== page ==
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The Outriders, made by high-toned MGM, is a handsome Technicolor production, beautifully photographed by Charles Schoenbaum with extensive Utah exteriors, and is strongly cast for all roles, boasts costumes by the brilliant Walter Plunkett and a wonderful score by a young Andre Previn (he was only 20, folks!). But its considerable virtues reside even more deeply because, those production values aside, it’s one more 1950 Western that knew where the genre was going—to a number of interrelated aspects that would carry it into a decade of incomparable artistic grace. These aspects are principally the spiritual evolution of the hero (often matched, as here, to the moral fall of the villain) who comes to a better place of commanding his life without giving it over to destruction of others, and along with this, very often, finds an idealized and yet fully believable romance with a strong heroine of equal substance; the joining of that personal story to a vibrant narrative marked by physical events and external conflict; and the expressiveness of landscape and setting which commands attention to all these things.

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What draws me so much to this personally is that I love graceful shifts of tone and the way more quiet, nuanced moments can find a place in narratives of robust action. So, like many who have seen it, I find what we may call the campfire dance a sequence of special beauty that especially lifts this mostly unheralded gem. Done on a soundstage (very beautifully too), it begins with Will breaking out the liquor to calm tensions among the men, but the dance that begins with men as partners comes to a point where they are all too aware of the one woman presently out of view. On her own, and sure of herself, Jen breaks her ladylike reclusiveness to come out and dances with all the men, one by one, wearing out her shoes in the process and only prompting Will to intervene after Jesse in his turn becomes too aggressive with her (and in an inspired aesthetic touch, the green bandana with which Jesse pulls her to him then becomes the green shoes she gives to Will to put on her feet). Will and Jen begin to dance among the others (accompanied by a lovely, gentle waltz theme Previn uses only at this one point), then away in an overhead shot, and then they are alone in a brief dialogue which begins with his soft, tender, and wonderful line “You never showed yourself like this before.”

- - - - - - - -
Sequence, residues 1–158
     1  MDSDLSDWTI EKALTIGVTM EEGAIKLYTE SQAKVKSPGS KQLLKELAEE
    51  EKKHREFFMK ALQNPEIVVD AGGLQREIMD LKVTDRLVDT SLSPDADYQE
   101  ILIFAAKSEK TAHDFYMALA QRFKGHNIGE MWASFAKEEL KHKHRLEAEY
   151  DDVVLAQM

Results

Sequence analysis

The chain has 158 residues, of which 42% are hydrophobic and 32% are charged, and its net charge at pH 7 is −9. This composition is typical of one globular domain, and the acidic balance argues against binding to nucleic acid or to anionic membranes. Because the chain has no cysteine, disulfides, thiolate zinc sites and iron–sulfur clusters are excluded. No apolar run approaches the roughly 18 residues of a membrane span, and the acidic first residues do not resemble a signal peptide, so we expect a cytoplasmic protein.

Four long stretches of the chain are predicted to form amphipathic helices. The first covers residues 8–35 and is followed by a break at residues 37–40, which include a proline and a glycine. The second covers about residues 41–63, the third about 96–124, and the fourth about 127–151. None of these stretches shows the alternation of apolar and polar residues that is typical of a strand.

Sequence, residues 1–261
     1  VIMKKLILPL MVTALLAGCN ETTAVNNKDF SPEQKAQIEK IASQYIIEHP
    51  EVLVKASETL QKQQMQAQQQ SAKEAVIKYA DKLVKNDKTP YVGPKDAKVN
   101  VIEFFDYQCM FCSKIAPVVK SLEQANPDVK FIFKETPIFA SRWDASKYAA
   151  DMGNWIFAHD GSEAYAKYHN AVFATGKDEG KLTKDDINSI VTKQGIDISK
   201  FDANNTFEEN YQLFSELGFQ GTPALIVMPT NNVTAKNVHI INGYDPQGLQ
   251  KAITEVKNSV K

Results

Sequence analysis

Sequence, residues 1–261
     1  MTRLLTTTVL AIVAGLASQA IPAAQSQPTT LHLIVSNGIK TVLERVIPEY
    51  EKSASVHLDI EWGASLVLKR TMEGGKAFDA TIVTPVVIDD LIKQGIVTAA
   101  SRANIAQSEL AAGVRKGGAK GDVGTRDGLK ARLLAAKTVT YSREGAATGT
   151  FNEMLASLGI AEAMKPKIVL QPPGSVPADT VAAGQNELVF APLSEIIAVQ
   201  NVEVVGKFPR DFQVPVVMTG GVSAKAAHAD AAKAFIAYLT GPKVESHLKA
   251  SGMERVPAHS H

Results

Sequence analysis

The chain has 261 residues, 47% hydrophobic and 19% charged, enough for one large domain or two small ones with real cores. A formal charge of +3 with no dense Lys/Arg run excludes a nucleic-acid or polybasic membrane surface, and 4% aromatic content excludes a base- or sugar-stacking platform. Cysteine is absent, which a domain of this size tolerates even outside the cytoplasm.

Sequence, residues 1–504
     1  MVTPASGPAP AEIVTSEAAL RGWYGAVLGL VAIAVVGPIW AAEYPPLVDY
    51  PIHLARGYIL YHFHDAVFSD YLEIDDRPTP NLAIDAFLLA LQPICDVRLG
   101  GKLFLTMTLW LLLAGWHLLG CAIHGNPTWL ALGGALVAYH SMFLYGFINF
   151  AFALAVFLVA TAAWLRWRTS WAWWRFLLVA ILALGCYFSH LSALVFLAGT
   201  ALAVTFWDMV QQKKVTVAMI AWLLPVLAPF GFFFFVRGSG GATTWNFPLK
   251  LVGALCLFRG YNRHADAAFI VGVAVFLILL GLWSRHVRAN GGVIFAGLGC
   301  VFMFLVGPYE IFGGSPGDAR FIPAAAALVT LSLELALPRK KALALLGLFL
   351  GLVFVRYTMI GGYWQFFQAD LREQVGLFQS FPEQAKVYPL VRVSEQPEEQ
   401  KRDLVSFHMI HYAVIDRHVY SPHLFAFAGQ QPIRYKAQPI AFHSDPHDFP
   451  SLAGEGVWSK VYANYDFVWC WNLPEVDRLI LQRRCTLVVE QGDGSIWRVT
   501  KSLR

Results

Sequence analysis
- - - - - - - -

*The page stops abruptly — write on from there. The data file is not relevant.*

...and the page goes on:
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Over ten minutes are given to that sequence—not counting a coda between Will and Jesse which further builds the antagonism of their relationship—and at least that much more time is given to the elaborate river crossing, an impressively staged and filmed sequence with little evidence of fakery. This whole stretch of the movie would be enough to make it stand out—and that’s true even though these events of a dance and a river crossing have a ritual quality in Westerns and are very familiar (what is arguably the greatest Western of this same year, Wagon Master, directed by John Ford, has both) but it’s a welcome familiarity because there is such an eternal resonance of life in both these things. Even apart from that though, the trajectory is a satisfying one from beginning to end. The subtly realized romance is mostly visualized rather than verbally articulated, and that’s characteristic of the genre, while by contrast, Will and Jesse—though their conflict does become physical—mostly do confront each other in words, and to powerful effect; it’s not only that broken male relationships work so well in Westerns, but it’s always interesting to see a character who seems poised and smooth (Jesse) reveal the depths of venality, cruelty, and unwanted sexual aggressiveness that are the darker side of masculinity.